The following section provides a description of the data interpretation reports generated in accordance with the system of the present invention. These reports are particularly adapted for use by a physician as a replacement to sifting through patient log books containing a vast amount of raw data, the clinical and therapeutic implications of which cannot be assimilated in any reasonable amount of time. The report contains a number of graphs both simple and detailed, in order to help provide insight into the patient's level of glucose control and recording behavior. The graphs are also adapted to detail possible trouble spots or complications which can be inferred from analysis of the patient data.

Referring now to FIGS. 2-12, there are shown various segments of an illustrative data interpretation report generated by the IDDI system of the present invention following processing of a particular downloaded patient data set. It will be obvious that certain graphical sections in the illustrative report may not be generated for other patient data. Also, other data sets may generate additional segments similar to those shown here, as described in the system flowcharts.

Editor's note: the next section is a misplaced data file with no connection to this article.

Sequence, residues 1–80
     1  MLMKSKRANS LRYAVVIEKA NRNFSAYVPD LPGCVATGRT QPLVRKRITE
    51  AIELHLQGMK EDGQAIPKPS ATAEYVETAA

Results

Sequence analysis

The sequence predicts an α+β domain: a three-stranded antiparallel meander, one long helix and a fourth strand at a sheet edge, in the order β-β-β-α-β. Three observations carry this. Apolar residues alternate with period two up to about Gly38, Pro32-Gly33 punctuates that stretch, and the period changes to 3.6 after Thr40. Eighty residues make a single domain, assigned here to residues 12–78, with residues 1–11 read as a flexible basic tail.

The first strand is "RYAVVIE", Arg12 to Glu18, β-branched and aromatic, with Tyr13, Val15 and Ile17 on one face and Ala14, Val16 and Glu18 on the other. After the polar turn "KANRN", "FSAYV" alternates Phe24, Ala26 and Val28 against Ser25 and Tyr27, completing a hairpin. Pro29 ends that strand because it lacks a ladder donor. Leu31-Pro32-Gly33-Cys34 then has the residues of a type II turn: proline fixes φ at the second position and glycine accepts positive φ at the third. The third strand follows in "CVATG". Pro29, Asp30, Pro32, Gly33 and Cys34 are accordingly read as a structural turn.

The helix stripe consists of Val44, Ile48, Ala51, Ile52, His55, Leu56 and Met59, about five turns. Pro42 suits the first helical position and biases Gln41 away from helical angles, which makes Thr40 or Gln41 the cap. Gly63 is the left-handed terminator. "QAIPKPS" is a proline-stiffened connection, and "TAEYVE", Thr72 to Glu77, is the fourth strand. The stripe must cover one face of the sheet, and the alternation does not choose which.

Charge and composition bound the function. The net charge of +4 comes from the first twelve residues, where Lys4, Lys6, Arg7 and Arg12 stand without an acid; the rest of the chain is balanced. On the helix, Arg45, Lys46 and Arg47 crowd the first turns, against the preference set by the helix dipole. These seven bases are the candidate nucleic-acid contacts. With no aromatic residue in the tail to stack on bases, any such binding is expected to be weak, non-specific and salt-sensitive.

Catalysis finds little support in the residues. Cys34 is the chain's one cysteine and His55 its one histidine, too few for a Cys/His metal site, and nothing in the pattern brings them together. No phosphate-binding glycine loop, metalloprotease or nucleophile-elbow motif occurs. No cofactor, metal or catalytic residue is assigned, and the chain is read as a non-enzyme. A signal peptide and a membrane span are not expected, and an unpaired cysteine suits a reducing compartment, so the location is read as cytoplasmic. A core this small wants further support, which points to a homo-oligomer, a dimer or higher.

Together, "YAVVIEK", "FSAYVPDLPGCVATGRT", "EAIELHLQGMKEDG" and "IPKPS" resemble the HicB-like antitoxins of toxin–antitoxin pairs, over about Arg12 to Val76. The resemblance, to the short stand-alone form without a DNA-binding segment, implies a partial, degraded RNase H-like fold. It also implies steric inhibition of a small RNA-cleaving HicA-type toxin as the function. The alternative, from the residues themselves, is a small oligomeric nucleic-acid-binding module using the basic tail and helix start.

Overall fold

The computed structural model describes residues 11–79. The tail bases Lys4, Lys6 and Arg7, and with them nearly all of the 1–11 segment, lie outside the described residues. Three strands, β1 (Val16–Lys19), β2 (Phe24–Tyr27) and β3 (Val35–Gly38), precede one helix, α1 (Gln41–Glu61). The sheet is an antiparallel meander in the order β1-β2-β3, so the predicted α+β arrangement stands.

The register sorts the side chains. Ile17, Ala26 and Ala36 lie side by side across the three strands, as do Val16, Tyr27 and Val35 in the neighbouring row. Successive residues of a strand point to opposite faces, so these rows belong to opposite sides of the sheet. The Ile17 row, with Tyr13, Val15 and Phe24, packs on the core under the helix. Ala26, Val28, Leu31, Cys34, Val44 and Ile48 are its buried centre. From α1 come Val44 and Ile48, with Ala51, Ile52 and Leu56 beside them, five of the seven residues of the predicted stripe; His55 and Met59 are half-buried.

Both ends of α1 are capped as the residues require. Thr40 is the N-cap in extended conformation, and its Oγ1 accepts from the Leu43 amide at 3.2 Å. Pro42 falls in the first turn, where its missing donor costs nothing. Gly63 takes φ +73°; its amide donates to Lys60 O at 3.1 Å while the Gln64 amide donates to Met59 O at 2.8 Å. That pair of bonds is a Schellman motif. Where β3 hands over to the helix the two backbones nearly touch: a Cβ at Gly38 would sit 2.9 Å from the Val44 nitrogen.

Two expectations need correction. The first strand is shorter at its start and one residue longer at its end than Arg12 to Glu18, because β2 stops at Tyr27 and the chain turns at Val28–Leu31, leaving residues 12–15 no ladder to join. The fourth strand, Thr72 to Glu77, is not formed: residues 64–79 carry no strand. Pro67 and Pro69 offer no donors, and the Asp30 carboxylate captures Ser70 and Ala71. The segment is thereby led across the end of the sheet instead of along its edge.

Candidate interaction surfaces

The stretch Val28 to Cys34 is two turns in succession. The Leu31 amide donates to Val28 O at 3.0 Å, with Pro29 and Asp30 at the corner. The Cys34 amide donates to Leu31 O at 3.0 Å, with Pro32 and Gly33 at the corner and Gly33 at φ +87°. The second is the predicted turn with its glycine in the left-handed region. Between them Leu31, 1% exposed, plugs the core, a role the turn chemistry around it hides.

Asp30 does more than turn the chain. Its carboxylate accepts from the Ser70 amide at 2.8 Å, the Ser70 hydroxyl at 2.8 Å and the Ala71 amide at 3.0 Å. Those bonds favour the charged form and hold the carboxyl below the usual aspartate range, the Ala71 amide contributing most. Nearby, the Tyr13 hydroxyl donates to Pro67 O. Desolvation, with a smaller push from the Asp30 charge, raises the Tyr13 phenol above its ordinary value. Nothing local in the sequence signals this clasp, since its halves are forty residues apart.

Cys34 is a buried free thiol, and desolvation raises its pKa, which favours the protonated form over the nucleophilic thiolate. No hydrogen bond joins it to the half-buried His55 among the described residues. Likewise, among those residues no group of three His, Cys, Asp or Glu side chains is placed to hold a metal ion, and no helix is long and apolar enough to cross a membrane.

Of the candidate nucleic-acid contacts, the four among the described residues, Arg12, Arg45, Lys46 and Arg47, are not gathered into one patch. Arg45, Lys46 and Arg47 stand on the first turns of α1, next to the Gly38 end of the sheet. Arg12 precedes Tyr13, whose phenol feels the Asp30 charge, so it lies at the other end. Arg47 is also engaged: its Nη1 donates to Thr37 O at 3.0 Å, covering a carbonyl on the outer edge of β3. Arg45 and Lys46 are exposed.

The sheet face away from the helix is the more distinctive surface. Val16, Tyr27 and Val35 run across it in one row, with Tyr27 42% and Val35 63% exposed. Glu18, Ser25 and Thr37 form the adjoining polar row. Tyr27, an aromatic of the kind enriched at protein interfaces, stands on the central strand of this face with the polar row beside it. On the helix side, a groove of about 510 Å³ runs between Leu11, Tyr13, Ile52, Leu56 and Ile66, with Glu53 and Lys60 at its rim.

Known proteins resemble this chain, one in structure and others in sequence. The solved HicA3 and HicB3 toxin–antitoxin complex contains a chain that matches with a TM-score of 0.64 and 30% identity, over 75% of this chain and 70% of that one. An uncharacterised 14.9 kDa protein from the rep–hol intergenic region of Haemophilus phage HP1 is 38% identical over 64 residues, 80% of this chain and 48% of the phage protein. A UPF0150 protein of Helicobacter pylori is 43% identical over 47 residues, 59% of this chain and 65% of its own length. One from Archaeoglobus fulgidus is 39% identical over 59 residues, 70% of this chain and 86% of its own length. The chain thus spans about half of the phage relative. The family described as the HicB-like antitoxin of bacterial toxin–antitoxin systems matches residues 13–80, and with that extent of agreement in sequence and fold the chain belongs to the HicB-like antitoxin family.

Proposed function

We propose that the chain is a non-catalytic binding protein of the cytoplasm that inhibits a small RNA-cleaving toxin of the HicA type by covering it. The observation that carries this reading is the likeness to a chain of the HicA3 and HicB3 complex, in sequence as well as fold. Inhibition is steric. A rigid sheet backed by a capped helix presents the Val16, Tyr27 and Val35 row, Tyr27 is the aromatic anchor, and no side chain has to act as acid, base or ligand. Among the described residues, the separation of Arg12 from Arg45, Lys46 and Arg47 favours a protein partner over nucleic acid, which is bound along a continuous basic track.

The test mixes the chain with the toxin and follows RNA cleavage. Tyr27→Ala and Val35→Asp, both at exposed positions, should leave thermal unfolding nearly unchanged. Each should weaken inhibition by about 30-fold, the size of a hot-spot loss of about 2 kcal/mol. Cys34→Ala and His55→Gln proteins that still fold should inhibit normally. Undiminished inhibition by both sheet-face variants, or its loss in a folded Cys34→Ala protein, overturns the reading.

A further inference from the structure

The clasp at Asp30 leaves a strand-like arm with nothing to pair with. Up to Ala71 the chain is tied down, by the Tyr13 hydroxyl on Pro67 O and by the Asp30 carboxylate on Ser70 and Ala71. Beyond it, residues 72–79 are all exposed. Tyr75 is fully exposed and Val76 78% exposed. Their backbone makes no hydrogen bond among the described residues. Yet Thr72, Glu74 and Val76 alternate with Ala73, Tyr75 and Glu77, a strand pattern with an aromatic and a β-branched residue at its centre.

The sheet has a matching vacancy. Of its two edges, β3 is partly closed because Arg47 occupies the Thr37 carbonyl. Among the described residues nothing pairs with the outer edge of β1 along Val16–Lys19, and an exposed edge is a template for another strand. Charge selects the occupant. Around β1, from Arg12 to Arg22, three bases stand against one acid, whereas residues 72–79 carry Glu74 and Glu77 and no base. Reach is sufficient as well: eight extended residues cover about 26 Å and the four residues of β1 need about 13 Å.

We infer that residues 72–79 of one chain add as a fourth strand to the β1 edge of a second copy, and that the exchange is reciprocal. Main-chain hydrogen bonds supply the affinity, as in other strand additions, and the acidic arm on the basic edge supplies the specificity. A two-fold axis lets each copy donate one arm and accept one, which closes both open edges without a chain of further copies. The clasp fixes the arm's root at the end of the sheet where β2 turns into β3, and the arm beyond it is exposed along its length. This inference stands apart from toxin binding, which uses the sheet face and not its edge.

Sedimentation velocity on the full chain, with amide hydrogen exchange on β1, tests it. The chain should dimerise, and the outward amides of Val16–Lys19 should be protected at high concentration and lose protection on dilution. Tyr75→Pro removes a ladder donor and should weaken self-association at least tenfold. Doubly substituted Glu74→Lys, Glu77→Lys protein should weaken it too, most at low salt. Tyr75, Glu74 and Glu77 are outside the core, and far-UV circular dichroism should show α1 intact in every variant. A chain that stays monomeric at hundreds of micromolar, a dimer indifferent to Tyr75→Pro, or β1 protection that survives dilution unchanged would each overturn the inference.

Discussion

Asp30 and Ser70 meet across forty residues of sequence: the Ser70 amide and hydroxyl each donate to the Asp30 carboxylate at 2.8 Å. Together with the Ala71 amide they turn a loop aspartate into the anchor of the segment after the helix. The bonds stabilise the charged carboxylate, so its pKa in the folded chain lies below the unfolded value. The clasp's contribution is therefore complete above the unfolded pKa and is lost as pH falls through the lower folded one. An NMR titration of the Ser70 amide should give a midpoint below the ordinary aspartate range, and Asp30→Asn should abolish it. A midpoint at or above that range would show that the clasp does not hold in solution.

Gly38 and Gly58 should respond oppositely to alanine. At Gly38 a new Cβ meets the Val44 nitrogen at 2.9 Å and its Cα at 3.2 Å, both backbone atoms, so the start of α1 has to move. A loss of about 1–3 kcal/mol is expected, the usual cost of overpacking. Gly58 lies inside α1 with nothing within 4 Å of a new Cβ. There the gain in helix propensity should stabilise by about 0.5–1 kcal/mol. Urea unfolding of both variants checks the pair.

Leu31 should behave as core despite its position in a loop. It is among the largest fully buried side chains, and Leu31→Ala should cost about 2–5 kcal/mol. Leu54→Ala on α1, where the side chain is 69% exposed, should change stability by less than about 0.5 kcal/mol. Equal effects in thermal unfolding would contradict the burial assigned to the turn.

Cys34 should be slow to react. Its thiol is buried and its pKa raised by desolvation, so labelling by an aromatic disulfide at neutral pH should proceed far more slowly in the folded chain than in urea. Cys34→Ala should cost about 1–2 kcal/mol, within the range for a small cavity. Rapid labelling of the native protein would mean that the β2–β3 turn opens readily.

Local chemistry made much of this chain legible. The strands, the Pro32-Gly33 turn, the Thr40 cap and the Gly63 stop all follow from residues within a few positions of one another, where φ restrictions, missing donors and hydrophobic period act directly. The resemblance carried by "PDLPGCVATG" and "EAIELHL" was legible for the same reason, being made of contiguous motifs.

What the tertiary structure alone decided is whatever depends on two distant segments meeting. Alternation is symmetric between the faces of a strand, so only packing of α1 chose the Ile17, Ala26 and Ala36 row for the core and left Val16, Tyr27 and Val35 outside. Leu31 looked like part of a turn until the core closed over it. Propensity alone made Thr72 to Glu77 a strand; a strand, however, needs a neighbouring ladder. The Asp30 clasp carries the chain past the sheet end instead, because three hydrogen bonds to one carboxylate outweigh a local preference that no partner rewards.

FIG. 2 represents the "Global Summary" section of the IDDI report which provides a concise set of statements describing the highlights of the data interpretation results. In particular, the summary provides an examining physician with a very general summary of the patient data and gives an indication of areas on which the physician may focus in the subsequent sections of the report. In case of the patient data set for which the summary of FIG. 2 was generated, for instance, the first statement refers to what appear to be different regimens of insulin therapy. In each regimen, the system has identified a change in the pattern of insulin dosage. The changes from one regimen to the next may be relatively inconspicuous, such as the change in the amount of a particular type of insulin (long- or short-acting) taken at a certain time of day, or the changes may be more marked, such as a change in the number of insulin shots per day. The actual details of the different insulin regimens referred to in the summary are provided in subsequent sections of the data interpretation report.